The impact of Covid-19 is pervasive when viewed through the lens of migration as it affects migrants and their families who rely on remittances, said Mamta Murthi, Vice President for Human Development and Chair of the Migration Steering Group of the World Bank.
Remittance flows to low and middle-income countries (LMICs) are projected to fall by 7 per cent to $508 billion in 2020, followed by a further decline of 7.5 per cent to $470 billion in 2021.
The foremost factors driving the decline in remittances
include weak economic growth and employment levels in migrant-hosting countries, weak oil prices, and depreciation of the currencies of remittance-source countries against the US dollar, the bank said.
The declines in 2020 and 2021 will affect all regions, with the steepest drop expected in Europe and Central Asia (by 16 per cent and 8 per cent, respectively), followed by East Asia and the Pacific (11 per cent and 4 per cent), the Middle East and North Africa ( both 8 per cent), Sub-Saharan Africa (9 per cent and 6 per cent), South Asia (4 per cent and 11 per cent), and Latin America and the Caribbean (0.2 per cent and 8 per cent), the report said.
to South Asia are projected to decline by around four per cent in 2020 to $1 35 billion.
In Pakistan and Bangladesh, the impact of the global economic slowdown has been somewhat countered by the diversion of remittances from informal to formal channels due to the difficulty of carrying money by hand under travel restrictions, the bank said.
Pakistan also introduced a tax incentive whereby withholding tax was exempted from July 1 2020, on cash withdrawals or on the issuance of banking instruments/transfers from a domestic bank account.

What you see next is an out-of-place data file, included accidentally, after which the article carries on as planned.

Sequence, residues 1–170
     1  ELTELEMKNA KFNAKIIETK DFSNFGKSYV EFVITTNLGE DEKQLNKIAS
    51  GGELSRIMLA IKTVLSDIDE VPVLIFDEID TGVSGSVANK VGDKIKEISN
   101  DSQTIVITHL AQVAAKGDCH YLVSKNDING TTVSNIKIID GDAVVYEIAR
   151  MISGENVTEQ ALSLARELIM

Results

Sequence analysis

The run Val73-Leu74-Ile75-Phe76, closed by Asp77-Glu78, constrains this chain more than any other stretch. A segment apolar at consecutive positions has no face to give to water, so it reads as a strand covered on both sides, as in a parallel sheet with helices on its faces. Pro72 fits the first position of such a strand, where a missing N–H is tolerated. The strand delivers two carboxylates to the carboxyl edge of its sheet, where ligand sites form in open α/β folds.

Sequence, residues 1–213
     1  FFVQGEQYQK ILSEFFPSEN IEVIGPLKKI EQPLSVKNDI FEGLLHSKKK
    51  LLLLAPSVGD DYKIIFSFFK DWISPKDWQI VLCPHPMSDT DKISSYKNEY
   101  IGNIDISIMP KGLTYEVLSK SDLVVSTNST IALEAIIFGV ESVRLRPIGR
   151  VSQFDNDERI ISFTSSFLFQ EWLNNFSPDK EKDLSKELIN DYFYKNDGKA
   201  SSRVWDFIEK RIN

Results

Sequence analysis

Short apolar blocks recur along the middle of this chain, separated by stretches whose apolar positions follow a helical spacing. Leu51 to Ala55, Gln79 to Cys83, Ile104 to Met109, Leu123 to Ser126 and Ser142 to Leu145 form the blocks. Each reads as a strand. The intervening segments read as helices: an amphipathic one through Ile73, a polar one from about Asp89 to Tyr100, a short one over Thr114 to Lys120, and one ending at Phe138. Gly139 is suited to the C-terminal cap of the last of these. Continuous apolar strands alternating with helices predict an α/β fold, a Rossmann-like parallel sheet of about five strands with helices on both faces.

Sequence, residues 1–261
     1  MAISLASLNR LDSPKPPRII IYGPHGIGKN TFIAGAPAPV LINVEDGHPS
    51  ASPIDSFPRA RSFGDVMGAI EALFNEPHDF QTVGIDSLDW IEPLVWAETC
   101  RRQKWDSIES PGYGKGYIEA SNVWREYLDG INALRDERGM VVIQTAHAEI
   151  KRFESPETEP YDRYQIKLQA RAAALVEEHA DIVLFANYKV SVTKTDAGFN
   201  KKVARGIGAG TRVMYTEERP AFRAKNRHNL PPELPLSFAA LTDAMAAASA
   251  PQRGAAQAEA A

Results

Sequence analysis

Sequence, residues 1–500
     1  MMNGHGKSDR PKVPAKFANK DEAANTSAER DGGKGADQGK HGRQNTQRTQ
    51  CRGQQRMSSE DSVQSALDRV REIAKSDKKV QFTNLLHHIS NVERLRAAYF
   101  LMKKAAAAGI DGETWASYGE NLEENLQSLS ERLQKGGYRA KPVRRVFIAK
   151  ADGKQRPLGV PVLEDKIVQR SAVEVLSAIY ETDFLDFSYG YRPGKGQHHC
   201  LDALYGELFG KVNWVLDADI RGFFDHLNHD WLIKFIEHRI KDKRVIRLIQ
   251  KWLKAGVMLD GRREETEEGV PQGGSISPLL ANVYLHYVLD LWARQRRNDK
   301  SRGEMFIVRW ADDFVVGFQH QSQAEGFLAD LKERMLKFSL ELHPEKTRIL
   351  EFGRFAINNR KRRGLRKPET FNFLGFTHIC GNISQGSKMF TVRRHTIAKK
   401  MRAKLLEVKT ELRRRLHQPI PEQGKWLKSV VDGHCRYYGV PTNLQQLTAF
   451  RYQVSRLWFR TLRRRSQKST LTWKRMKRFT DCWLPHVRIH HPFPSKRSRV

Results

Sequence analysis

Bangladesh registered a large increase in remittance inflows in July after the floods that inundated a quarter of its landmass.
Remittance costs: At just under 5 per cent in the third quarter of 2020, South Asia was the least costly region to send $200 to but the costs are well over 10 per cent in some corridors (from Japan, South Africa and Thailand, and from Pakistan to Afghanistan), it said.
Migrants are suffering greater health risks and unemployment during this crisis, said Dilip Ratha, lead author of the brief.
The underlying fundamentals driving remittances are weak and this is not the time to take our eyes off the downside risks to the remittance lifelines, he said.
This year, for the first time in recent history, the stock of international migrants is likely to decline as new migration has slowed and return migration has increased.
Return migration has been reported in all parts of the world following the lifting of national lockdowns which left many migrant workers stranded in host countries.
Rising unemployment in the face of tighter visa restrictions on migrants and refugees is likely to result in a further increase in return migration, the bank said.
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